I want to touch on one other thing—through and through, I wanted this to be a release on Adam [Bartlett]’s label [Gilead Media]… There’s a very specific voice that a lot of the music Adam puts out has, regardless of whether they’re black metal bands, or noise bands, or something progressive and wild. They all have this genuine sincerity to them, and they’re all very forward-thinking… He definitely occupies this very unique and singular space. When it came to formulating [The Silver], it was very much with that intent. He was the only person on any label that heard [Ward of Roses]. We did a 3-track demo exclusively for him. He’s also been a longtime friend of mine and I like working with the people I love.
Ward of Roses feels cohesive and intentional—there’s the flower motif that carries from the cover art through the lyrics, for one thing. What binds this record together?
MK: Lyrically, we wanted this to be about relatable struggle in different forms and the transformations that come from that stuff—you know, death, relationships breaking apart, professional struggles—it sounds banal and stupid when you put it like that, but we wanted to [speak to] experience that requires vulnerability. We were trying to take the everyday and see the grandiose that’s in the everyday... Everything blossomed out of that sort of “thesis.”
I loved how spontaneous the record was… Once we started writing music and getting lyrics down—and all four of us wrote parts of the lyrics on this record—there was so much spontaneous energy. We really wanted to enter this with a complete sense of openness and freedom, and the final product is indicative of that—it was this entity that grew and grew. Often, the last pieces we wrote and recorded weren’t things we thought of beforehand. I will say we did have the freedom to record pretty freely—other bands don’t always get that. You have deadlines, limited studio time, and other pressures. But we got to take our time and see how things evolved.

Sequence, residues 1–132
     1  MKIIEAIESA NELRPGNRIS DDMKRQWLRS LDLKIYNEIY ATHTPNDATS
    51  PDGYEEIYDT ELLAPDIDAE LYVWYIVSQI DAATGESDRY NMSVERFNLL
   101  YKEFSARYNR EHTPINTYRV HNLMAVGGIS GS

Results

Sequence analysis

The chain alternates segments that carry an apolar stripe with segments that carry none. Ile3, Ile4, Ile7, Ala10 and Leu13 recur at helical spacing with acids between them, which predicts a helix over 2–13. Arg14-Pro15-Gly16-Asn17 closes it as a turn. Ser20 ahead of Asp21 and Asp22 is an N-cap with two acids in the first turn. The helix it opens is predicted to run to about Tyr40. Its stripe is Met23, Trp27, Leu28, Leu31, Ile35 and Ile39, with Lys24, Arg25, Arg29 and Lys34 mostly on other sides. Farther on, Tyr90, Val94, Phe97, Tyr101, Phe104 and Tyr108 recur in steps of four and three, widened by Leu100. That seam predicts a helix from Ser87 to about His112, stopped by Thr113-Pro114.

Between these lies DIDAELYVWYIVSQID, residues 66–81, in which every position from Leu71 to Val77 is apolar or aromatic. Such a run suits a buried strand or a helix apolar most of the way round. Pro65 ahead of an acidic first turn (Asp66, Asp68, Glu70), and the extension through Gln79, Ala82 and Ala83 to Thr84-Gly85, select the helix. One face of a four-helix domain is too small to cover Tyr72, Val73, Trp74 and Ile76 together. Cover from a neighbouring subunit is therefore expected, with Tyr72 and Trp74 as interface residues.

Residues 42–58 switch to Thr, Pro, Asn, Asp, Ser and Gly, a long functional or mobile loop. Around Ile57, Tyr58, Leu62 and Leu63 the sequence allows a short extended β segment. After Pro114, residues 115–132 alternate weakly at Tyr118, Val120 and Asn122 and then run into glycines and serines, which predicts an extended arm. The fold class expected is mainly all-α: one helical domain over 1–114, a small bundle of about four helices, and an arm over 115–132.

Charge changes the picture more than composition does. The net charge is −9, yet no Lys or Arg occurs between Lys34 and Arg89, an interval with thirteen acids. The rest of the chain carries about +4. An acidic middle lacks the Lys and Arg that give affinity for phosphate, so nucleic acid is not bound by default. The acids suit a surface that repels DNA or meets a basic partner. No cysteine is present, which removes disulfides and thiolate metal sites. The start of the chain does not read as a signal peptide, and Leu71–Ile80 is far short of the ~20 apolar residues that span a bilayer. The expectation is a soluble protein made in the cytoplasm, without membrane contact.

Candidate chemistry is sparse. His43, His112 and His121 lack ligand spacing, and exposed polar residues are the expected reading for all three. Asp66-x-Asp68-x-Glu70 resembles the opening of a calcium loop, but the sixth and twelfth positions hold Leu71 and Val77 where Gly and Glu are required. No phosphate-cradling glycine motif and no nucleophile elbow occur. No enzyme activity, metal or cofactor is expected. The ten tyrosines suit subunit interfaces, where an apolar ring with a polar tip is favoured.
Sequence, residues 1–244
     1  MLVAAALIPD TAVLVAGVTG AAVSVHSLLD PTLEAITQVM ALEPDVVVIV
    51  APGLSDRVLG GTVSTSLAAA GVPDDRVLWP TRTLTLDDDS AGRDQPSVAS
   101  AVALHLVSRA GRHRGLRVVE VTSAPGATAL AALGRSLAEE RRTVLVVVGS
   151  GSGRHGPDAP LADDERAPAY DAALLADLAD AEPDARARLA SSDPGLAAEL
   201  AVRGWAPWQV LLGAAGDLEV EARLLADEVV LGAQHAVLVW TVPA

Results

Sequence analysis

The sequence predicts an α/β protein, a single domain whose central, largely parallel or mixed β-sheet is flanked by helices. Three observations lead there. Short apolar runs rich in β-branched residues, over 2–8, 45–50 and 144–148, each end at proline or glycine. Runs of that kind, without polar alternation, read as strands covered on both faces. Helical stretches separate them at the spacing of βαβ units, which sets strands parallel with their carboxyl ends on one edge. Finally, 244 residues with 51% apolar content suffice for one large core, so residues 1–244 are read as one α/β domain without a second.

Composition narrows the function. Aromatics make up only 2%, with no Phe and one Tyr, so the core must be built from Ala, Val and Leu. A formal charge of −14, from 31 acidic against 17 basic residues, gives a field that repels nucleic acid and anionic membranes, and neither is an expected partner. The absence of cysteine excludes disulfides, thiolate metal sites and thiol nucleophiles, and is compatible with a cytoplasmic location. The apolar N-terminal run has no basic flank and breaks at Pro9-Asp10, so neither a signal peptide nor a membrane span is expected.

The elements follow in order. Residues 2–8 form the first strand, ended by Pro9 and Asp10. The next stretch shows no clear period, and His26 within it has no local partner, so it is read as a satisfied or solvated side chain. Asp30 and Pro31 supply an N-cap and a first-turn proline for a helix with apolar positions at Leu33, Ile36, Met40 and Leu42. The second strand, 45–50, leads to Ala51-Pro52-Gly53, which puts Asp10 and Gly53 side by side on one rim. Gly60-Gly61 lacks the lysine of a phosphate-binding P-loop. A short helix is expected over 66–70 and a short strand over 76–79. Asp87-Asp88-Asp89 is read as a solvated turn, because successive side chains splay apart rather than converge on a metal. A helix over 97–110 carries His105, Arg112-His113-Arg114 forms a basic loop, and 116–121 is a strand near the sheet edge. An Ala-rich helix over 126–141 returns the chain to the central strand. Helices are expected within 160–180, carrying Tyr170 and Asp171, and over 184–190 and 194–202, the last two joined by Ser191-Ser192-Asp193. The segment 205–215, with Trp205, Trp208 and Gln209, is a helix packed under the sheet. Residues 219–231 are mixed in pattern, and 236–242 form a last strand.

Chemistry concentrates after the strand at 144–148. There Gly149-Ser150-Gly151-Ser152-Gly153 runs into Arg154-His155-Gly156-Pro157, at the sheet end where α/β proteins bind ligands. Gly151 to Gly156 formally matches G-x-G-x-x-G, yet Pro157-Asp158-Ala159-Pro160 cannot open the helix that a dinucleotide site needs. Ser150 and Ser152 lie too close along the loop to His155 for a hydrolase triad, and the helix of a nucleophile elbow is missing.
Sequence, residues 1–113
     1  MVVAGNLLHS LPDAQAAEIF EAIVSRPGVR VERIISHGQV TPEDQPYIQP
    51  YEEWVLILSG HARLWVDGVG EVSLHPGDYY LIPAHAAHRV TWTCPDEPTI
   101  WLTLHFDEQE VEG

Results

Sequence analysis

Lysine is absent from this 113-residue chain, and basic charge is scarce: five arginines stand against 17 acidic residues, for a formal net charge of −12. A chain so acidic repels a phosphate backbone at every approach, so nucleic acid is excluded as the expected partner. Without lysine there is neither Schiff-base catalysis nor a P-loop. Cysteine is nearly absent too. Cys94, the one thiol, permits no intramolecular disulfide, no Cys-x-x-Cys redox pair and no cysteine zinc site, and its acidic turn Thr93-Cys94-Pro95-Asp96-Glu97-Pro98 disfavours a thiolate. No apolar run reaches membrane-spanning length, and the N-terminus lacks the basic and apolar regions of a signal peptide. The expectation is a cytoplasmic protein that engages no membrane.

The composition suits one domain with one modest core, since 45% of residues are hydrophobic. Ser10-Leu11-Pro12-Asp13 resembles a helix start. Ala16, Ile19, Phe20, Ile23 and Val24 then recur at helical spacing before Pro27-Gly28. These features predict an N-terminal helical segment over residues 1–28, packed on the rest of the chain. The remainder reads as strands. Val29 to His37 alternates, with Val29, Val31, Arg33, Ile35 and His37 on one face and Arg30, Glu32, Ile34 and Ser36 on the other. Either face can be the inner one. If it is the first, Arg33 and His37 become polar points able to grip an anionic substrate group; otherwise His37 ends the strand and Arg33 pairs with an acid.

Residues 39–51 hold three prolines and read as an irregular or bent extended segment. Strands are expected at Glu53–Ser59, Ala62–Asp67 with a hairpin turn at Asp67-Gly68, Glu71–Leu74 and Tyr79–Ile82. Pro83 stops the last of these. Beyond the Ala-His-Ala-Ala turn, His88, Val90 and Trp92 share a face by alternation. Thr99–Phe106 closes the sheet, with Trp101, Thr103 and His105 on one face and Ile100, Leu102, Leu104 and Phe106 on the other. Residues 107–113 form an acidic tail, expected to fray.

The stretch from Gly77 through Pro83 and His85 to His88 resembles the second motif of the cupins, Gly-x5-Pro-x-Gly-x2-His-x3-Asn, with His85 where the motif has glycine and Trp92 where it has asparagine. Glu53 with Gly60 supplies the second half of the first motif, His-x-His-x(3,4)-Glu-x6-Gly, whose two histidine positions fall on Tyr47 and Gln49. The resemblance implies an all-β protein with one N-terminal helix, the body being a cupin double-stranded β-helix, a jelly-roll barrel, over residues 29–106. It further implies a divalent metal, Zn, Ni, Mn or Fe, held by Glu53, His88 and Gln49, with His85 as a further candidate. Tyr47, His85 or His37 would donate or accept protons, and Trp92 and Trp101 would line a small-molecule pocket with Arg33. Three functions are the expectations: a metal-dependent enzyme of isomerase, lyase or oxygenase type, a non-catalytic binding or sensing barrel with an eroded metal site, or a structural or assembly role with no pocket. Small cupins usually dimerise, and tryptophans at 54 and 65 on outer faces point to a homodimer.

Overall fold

Matt, I know you’ve taken on a different identity for your work within the band. Tell me about V.
MK: Part of it is making space for someone different in terms of performance and, I guess, a being to inhabit. Thinking about Horrendous, I started that band with my brother and my friend when I was, shit, 19 years old. In the musical world, I’ve been this same kind of static person for 12 years at this point. It’s a person that I love and a role I love playing—that band has always at its heart been bent much more to 80s bands that are high-flying, larger-than-life, and I’ve always wanted to be that in that band, but the older I get and the more I change personally, I wanted to have a space to be something more. Not in the sense of putting a costume on, which, I’m literally sitting here wearing one, but I think making the person in [The Silver] more reflective of how I’ve changed in life.
That is the distinction—the person in Horrendous can’t necessarily carry the weight of everything that’s happened since I was 19. Part of the fun of being in Horrendous is I still transport back to that age… I think that energy is still there whenever we play, and we love that. But I wanted to really distinguish this band and not just have it be a side project… I really wanted this to be a new entity in addition to exploring different sides of myself.
As far as other personnel, I understand your vocalist Nick Duchemin has never really done harsh vocals before. How was that for the group dynamic? What did having someone with less experience actually making metal do for The Silver?
ES: One of the weird things about it, even now that the record’s done and has been in computers, [is that it] still feels like this living, breathing document because of how much we got to play around with it while recording. To that end, with our vocalist Nick, it was very much the same kind of experience recording stuff over and over just to see what could be honed in on or what had to reined in a bit. At one point, we realized he just really shined when he was unchained and we just let him go with it. He’s been around live music forever and is such a passionate fan of heavy metal, and is such a great record collector, [that] he kind of knew what he was doing off the bat, but there’s this filtering and holding back seasoned musicians know to have when you’re going into the studio. Even when you’re playing drums, you try to do the best take you can, but can’t put all of the gas into one song or you’re not going to make it throughout the rest of the day. He kind of didn’t know to do that, but, man, we rarely ever saw him have an empty gas tank. It was surprising. He really let it out. It was incredible to see. There were a lot of times where we’d be sitting down watching him do takes, like “man, did you just see that? That was cool.” Here’s this guy belting his heart about these tragic things, and we were in the background with these huge grins on our faces. I really wanted the band to have a little bit of a “secret weapon”—something that unified everything in a way we didn’t expect… and he definitely became that.